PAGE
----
Princess Jellyfish: shattering the glass ceiling

Before I’d even thought about watching Princess Jellyfish, I knew I’d encounter the topic of gender roles. Many fans of the show have discussed the fact that Kuranosuke, a male who crossdresses to escape his responsibilities as the son of a politician, is straight. Protagonist Tsukumi is also an interesting representation of a female character because she is more interested in jellyfish than in romance or being attractive. Yet when I finally watched the anime, the character who made the biggest impression on me wasn’t Kuranosuke or Tsukumi: it was Shoko Inari. Throughout Princess Jellyfish, a sharp contrast is made between Tsukumi and the other women of the Amamizu boarding house and ‘the Stylish.’ The women at Amamizu (who call themselves ‘nuns’) fear going outside and encountering ‘the Stylish,’ who are attractive and usually professionals. The only Stylish woman we get to know in Princess Jellyfish is Shoko Inari, a career woman who uses sex to achieve success in the workplace.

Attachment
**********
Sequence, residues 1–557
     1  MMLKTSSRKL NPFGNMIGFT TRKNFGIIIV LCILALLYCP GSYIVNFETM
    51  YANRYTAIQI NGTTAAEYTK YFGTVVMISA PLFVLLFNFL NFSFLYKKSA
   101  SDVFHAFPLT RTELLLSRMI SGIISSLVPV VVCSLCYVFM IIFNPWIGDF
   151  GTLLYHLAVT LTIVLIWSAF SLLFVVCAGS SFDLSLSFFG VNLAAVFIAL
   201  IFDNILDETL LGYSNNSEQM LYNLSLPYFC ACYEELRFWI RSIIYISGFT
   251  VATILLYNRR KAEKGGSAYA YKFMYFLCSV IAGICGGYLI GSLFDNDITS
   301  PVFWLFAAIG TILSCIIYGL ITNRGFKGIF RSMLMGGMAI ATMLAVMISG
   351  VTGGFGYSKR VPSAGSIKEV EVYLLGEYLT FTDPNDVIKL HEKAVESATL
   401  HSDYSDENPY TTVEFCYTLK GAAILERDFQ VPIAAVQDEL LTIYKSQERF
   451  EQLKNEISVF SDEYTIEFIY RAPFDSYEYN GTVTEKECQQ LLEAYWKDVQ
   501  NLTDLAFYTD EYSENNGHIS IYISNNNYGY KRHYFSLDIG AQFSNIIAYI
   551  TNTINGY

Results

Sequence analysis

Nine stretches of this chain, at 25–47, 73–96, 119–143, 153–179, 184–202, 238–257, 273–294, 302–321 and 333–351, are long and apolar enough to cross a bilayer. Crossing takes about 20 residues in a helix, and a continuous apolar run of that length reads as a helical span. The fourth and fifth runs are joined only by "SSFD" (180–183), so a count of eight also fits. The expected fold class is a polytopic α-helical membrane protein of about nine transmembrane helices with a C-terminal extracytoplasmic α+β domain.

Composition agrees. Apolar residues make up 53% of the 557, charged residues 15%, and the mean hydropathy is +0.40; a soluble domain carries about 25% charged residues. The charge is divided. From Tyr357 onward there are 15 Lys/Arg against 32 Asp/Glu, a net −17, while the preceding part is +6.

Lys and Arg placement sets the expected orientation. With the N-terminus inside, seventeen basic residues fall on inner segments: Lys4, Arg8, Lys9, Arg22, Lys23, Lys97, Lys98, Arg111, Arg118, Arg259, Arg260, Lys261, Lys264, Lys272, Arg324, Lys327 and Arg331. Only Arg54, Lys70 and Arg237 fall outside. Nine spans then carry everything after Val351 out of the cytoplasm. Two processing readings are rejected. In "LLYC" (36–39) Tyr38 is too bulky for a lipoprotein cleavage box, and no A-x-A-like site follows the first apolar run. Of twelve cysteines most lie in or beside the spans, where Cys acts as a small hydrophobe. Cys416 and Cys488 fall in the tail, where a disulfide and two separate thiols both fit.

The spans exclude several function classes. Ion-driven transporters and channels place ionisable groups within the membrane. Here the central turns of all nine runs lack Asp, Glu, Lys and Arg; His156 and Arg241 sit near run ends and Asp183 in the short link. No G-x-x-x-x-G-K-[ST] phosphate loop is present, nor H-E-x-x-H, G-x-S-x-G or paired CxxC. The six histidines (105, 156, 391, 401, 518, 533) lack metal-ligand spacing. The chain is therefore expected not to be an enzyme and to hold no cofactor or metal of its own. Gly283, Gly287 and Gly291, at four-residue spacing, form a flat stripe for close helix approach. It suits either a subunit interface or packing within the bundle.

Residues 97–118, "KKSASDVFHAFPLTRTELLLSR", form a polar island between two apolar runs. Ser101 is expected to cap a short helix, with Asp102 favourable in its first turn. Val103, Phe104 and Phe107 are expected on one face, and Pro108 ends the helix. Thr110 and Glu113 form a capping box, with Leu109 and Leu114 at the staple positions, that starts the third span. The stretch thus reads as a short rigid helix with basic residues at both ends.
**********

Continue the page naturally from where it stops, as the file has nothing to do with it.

Shoko is at the head of the project to tear down the Amamizu boarding house, and at one point in the series she meets with Shu, Kuranosuke’s brother, to discuss plans for the complex. She drugs him and strips him at a hotel, taking blackmail photos to make it seem as though the two had sex. Shoko’s character implicitly sends many negative messages about women in the workforce. Her presence suggests that the only way women can be professionally successful is if they are attractive, and that they must knowingly use their appearance to their adavantage. Her character also suggests that women who aspire to be professionally successful are cruel and will do anything to get to the top, yet they don’t actually use their intelligence or talent to do so. Thus, although the women at Amamizu are sometimes over-the-top in thinking the worst about the Stylish, they are usually portrayed sympathetically, and by presenting Shoko as the only Stylish woman in the series, Princess Jellyfish implicitly sends a negative image of the working woman.